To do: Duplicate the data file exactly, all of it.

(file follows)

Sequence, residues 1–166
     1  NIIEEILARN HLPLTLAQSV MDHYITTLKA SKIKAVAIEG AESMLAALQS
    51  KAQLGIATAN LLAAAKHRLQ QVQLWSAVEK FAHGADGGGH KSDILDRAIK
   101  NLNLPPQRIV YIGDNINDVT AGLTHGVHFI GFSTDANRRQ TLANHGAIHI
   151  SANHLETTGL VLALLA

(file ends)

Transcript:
Sequence, residues 1–166
     1  NIIEEILARN HLPLTLAQSV MDHYITTLKA SKIKAVAIEG AESMLAALQS
    51  KAQLGIATAN LLAAAKHRLQ QVQLWSAVEK FAHGADGGGH KSDILDRAIK
   101  NLNLPPQRIV YIGDNINDVT AGLTHGVHFI GFSTDANRRQ TLANHGAIHI
   151  SANHLETTGL VLALLA